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Halloween safety for pet parents

Pet Parent tips from Pet Protect

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Halloween safety for pet parents

Halloween is a time for treats, tricks, fun and lots of sweet treats.

It’s important to remember our pets may not share the same love for Halloween as we do.

There can be potential hazards for your pets, so we’ve created useful tips to take care of your furry friends during spooky season.


  • If you are considering dressing up your pet, take a moment to think about how your pet may feel. Are they happy? Are they comfortable? If they show signs that it is uncomfortable or restrictive or become agitated, remove the costume straight away.
  • Never leave them on their own when wearing the costume to make sure they are comfortable.
  • Costumes may have loose parts that could easily be bitten off and swallowed. Make sure the costume is safe before putting it on your pet.


We love to decorate our homes during Halloween with pumpkins, candles, hanging ornaments and scary items.

Take note of the below tips to help keep your pets safe this Halloween:

  • Candles can singe, burn, or even catch fire to your pet’s fur, so keep these out of reach in high places. if you have a cat, it might be better to not have candles as they can easily jump and knock them over causing a fire hazard.
  • Think about where you place decorations, including pumpkins. If your pet swallows a large quantity of seeds, it may cause them discomfort. When carving pumpkins make sure all seeds are thrown away safely
  • Hanging decorations, including spider webs or streamers can look like fun for our pets to play with, so make sure they are hung out of the way to avoid temptation.

Sweets and Treats

  • Sweets, treats and chocolate are great for humans, but toxic for both cats and dogs.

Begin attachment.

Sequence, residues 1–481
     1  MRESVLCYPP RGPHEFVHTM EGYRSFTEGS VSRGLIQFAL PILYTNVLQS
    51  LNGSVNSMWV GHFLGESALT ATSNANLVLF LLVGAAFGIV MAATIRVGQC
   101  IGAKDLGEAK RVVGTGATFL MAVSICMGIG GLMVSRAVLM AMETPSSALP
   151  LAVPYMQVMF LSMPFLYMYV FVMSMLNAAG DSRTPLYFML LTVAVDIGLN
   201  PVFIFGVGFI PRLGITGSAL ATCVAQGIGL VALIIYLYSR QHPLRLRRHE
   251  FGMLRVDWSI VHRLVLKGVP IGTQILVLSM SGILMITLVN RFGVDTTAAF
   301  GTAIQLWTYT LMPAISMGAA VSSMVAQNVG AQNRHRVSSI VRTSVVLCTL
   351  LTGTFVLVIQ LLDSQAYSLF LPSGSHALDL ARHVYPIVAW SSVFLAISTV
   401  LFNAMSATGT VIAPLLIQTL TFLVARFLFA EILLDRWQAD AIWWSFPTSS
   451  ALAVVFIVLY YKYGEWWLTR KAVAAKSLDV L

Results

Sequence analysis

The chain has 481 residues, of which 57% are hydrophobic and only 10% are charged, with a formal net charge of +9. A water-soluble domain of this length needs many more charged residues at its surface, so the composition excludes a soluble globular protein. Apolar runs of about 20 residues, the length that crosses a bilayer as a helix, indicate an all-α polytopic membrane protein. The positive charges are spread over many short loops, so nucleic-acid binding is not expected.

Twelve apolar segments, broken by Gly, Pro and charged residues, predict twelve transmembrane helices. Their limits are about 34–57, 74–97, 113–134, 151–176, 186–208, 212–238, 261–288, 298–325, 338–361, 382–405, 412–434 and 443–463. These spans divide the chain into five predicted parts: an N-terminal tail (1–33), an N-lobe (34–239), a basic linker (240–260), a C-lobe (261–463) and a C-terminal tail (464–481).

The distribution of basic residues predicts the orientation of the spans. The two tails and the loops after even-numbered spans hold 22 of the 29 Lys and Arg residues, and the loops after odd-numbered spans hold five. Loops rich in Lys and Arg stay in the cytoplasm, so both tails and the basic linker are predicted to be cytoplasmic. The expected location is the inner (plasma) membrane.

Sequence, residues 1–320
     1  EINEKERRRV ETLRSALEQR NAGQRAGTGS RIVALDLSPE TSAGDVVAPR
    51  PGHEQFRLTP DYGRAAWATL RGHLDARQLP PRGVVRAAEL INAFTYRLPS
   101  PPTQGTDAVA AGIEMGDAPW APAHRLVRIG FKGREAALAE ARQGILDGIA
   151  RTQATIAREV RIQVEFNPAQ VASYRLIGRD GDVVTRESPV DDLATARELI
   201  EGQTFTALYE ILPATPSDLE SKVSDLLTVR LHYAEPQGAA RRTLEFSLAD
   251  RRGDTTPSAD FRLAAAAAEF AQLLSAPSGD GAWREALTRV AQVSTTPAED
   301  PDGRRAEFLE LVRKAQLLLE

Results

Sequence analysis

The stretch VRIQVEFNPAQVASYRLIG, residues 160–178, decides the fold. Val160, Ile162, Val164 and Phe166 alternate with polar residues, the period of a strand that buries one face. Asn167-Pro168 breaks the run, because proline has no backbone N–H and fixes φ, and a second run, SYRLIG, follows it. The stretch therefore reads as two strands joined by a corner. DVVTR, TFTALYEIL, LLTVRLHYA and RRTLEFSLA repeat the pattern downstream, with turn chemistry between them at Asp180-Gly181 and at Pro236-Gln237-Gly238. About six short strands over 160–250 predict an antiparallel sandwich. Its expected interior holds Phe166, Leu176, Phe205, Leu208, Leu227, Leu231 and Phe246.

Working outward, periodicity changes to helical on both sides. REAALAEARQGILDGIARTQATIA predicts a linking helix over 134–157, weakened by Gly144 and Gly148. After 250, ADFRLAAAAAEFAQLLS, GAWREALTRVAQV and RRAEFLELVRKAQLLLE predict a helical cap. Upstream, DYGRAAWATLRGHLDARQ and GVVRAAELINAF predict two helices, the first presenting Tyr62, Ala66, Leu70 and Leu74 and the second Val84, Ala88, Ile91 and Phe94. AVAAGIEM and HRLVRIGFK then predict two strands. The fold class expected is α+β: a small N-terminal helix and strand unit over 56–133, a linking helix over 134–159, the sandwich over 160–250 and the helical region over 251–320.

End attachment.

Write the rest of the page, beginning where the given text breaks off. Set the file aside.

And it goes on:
• Make sure all sweet treats are kept out of paws reach. This includes packaging and wrappers as they can cause your pet to choke if swallowed.

Noises and Sounds

Pets can become stressed or anxious when they hear strange noises or experience large groups of unfamiliar visitors.

  • Keeping your pet in a separate room with their favourite toys can keep them calm and occupied and reduce the chance of them misbehaving.
  • Even very sociable animals can become nervous in these situations.

Keeping your pets inside

Halloween can be a scary time for pets, so don’t feel bad if you do want to keep them indoors.

  • Keeping your cat or dog inside can help to keep them calm and reduce the risk of them getting spooked by loud noises.
  • If you do venture outside with your pet, make sure they have an ID collar and a microchip to ensure they can be easily found if you do become separated.
  • Remember that you will be opening the door to trick or treaters, so if you fear that your pet may run out of the door it might be best to keep them in a separate room.
  • Create a quiet and safe space for your pet away from the noise and activity of Halloween. Provide them with their favourite toys, blankets, or a familiar place to retreat to.


  • Try to walk your dog during daylight hours, or before it gets too dark. This will help avoid the chaos and potential scares that come with Halloween night.
  • Make sure your dog is always on a leash. The unusual costumes, decorations, and noises on Halloween can startle your pet, and you want to ensure they don’t run away or become aggressive due to fear.
  • Be mindful of children, as some may approach your dog. Ensure your dog is comfortable with children and closely supervise any interactions.
  • Stick to your usual walking routes. Familiarity can provide a sense of security for your dog.
  • Stay away from houses with scary decorations. Loud sounds, sudden movements, and creepy displays can scare your dog and lead to anxious behaviour.










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Speak to a vet or vet nurse by phone, chat, and video.

Our pet care service also offers behavioural and nutritional support, to help you take care of your pet.

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It’s important to consider pet insurance if you have a pet, as cover can help cover the cost of vet fees should your cat or dog need to visit the vet.

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By Melissa Pickburn

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